Takeaway: The focus of a privity inquiry should be on the relationship between the parties during the prior lawsuit.

In its Decision, the Board instituted inter partes review of claims 1-3 and 6 of the ‘088 based on various obviousness grounds. In doing so, the Board determined that the Petition was not barred under 35 U.S.C. § 315(b).

Petitioner had filed a Petition seeking inter partes review of claims 1-3 and 6 of the ‘088 patent. The Board then authorized further briefing with respect to real party in interest and privity issues. The ‘088 patent is directed to “a network of interconnected gaming machines, such as slot machines or video poker machines, on which players can trigger a second bonus game after playing a first regular game.”

The Petitioner in the instant case is Aruze Gaming Macau, LTD (“AGM”). The ‘088 patent was asserted against Aruze Gaming America, Inc. (“AGA”) in an action severed from a prior lawsuit in which the complaint was served on AGA on November 5, 2012 (which is more than a year prior to the filing of AGM’s Petition). Patent Owner argued that AGM’s Petition is barred under 35 U.S.C. § 315(b) because “AGA is either a real party in interest (‘RPI’) to this proceeding, or a privy of AGM.” Thus, the Board needed to ascertain the specific relationship, if any, between AGM and AGA.

The Board began by discussing the history and relationship between the concepts of RPI and privity. Citing 35 U.S.C. § 315(b), the Board then noted that a Petition must identify all real parties-in-interest, but not privies. Next, the Board determined there was a reasonable likelihood that AGA is not an RPI to this proceeding, and that AGA and AGM are not in privity. In doing so, the Board indicated that Patent Owner was not precluded from seeking further discovery on these issues during trial, or from presenting further evidence in the Patent Owner’s Response.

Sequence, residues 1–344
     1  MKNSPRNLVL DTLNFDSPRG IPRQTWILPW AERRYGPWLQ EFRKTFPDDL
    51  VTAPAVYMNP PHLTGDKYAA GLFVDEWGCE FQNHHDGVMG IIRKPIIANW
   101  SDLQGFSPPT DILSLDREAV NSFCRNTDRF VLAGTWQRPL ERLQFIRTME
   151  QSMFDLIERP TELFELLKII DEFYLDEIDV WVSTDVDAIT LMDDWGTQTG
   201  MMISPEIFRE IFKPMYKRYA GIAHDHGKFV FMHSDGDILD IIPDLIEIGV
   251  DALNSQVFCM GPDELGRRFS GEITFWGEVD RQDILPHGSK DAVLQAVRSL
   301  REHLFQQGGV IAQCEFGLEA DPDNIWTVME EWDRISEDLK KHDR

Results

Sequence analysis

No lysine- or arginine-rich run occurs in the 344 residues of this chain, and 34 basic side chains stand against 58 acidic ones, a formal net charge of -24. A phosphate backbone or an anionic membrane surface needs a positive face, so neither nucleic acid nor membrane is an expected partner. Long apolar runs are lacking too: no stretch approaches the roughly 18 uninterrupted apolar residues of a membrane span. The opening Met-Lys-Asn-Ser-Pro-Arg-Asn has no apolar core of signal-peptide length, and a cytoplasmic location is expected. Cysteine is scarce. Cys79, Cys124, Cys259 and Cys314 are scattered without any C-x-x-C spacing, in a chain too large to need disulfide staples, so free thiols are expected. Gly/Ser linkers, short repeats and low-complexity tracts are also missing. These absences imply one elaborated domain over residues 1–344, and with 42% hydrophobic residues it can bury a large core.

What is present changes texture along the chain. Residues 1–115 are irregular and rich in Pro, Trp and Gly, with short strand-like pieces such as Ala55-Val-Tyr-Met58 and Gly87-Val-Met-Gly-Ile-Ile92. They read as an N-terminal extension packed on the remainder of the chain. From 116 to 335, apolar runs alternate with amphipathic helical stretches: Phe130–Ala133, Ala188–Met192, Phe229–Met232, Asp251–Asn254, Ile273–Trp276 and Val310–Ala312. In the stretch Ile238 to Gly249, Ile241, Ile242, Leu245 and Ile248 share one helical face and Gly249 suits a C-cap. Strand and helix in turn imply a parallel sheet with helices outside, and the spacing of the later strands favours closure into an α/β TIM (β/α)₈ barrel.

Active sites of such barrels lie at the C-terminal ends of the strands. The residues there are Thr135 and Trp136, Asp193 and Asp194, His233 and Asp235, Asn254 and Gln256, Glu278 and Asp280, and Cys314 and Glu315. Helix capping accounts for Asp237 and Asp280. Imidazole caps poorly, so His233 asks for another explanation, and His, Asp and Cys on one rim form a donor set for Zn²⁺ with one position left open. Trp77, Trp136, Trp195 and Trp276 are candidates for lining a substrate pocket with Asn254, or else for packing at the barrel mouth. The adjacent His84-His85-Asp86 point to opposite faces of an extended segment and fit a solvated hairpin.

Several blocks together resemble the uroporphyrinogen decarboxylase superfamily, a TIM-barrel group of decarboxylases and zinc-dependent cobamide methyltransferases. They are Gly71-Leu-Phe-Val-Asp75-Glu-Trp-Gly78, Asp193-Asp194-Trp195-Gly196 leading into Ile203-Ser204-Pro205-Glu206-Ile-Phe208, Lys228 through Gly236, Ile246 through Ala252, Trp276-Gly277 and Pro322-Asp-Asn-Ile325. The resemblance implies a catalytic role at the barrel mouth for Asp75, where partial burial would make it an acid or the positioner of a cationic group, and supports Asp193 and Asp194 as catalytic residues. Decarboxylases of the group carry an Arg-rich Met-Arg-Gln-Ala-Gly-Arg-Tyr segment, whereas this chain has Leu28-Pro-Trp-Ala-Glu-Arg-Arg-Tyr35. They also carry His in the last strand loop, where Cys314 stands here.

Petitioner had proposed the following as grounds of unpatentability: claims 1-3 and 6 are anticipated by each of Cannon and Marnell under 35 U.S.C. § 102; and claims 1-3 and 6 would have been obvious in view of Marnell, taken alone or in combination with Cannon, under 35 U.S.C. § 103.  The Board adopted its prior claim construction from previous IPR2013-00120, and also adopted its prior conclusions and reasoning from previous IPR2013-00120 in determining that the Petition in the instant proceeding had established a reasonable likelihood that Patent Owner would prevail with respect to all of the proposed grounds except anticipation by Marnell.  As to the anticipation argument based on Marnell, the Board indicated that Patent Owner had not adequately explained why this proposed ground of unpatentability was sufficiently distinctive from the other three grounds and therefore viewed this fourth ground as redundant of the grounds on which the Board was instituting trial.

Aruze Gaming Macau, Ltd. v. MGT Gaming, Inc., IPR2014-01288
Paper 13: Decision on Institution of Inter Partes Review

Dated: February 20, 2015
Patent 7,892,088 B2
Before: Richard E. Rice, Christopher L. Crumbley, and Carl M. DeFranco
Written by: Crumbley Related Proceedings: MGT Gaming, Inc. v. ARUZE Gaming America Inc., Civil Action 3:13-cv-00693-CWR-FKB (S.D. Miss.); WMS Gaming Inc. v. MGT Gaming Inc., Case IPR2013-00120